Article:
[Ben Heck] has just completed one of his more unique laptop game consoles. This time around it’s a Commodore 64, which he’s been attempting since 2006. Recently he scrapped everything and started fresh on what turned out to be the fastest build yet. While it certainly looks similar to his other laptops, he put in a lot of effort to give it the appearance of an 80’s computer from the beige color to the texture. He used an original C64C motherboard since it was the final and smallest revision and coupled that with an original keyboard. A 1541-III-DTV allows use of an SD card as a floppy device. Just drag any disk image onto the card and it’s ready to go. Check out a video of it in use below.
Continue reading “Commodore 64 laptop”
[PodeCoet] sent in this mod he did to a Spider Fire flashlight. These things are unbelievably bright, they use Cree LEDs that are so intense, they can ignite paper. [PodeCoet] notes that they run on fairly expensive batteries. Instead of buying some rechargeable ones, he decided to customize and hack his torch. He added a custom charging circuit and a Lilon battery as well as a boost-converter circuit and a status LED. We like the idea of having a rechargeable lamp, but he has lost his water proofing. If anything, you should go there to see his nicely done smd charger pcb as well as the pictures of his test run, burning some paper.
As some people have pointed out in the comments, this flashlight could not have started that fire. This one could though.
[Killerdark] has built a simple remote for his toddler to control videos on a PC. He gutted a USB number pad, built a new enclosure with the necessary buttons clearly labeled, and mapped the buttons in software. He could have possibly done better with larger color coded buttons, but really, it seems to work well as is. This reminds us of the giant iPod remote from back in 2006. Good job [Killerdark]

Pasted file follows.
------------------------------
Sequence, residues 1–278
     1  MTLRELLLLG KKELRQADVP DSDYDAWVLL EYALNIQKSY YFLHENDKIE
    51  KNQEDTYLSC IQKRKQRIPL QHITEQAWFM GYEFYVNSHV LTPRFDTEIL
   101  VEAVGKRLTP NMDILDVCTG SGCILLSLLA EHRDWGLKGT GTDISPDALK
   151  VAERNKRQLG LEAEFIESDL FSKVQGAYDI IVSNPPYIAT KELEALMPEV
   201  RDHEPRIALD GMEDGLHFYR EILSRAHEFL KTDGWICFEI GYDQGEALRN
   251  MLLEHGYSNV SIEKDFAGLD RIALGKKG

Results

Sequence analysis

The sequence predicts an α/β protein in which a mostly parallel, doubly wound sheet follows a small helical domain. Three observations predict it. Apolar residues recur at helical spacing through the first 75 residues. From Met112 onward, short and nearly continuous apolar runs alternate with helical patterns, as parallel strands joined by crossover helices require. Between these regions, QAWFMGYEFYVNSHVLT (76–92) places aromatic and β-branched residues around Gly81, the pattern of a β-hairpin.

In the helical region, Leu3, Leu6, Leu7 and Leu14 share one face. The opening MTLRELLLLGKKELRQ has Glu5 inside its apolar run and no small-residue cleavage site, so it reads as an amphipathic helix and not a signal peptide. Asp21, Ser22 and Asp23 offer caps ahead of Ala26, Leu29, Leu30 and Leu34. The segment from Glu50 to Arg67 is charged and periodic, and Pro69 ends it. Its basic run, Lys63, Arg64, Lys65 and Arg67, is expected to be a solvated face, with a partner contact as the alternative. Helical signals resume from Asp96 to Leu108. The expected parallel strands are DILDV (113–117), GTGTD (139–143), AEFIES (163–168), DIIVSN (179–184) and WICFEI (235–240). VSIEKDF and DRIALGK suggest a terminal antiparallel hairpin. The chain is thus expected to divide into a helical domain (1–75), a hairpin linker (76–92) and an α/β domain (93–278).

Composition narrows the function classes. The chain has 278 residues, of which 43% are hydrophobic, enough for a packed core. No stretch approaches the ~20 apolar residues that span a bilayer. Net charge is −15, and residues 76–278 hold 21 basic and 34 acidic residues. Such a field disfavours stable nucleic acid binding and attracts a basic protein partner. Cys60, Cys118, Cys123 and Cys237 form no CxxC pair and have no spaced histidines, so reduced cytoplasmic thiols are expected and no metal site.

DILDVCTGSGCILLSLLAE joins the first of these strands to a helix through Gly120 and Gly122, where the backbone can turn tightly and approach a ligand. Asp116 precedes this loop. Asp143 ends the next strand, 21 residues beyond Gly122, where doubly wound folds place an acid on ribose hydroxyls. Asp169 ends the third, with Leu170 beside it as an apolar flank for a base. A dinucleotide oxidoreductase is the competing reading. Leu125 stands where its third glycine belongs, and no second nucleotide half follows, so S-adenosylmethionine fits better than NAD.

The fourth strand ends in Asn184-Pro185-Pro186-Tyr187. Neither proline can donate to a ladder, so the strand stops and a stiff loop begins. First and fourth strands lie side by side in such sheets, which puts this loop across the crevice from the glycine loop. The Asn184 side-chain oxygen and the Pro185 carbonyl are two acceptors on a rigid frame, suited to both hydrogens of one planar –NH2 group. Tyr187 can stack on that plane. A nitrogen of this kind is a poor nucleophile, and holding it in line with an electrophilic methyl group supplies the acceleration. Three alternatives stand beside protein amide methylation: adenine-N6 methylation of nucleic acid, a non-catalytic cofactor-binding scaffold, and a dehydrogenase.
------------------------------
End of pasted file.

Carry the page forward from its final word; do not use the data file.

[Eschlaep] put together this beautiful kitchen timer using a dekatron. We see all kinds of tube projects, but dekatron projects are fairly rare. The over all aesthetic is quite nice, though we’d be tempted to find a way to protect that high voltage circuit.
[via the Hack a Day flickr pool]
If you feel the same way that we do about robotics, you probably wish that you had more experience with them when you were a kid. [Don] felt that way too, and he decided to do something about it. So [Don] and his partner started the Chicago based organization Bots 4 Tots, with the mission of introducing inner city kids to robotics. [Don] told us that his organization plans on starting the kids with snap together projects like OWI’s Jungle Robot. After a few snap together projects, they plan to introduce the kids to soldering and hope to eventually move on to a larger collaborative project that all the kids can work on. Of course, doing all of these things requires money. Thats where we, as the DIY community, come in. So feel free to hit up the Bots 4 Tots site and make a donation to support their worthwhile cause, we know we will.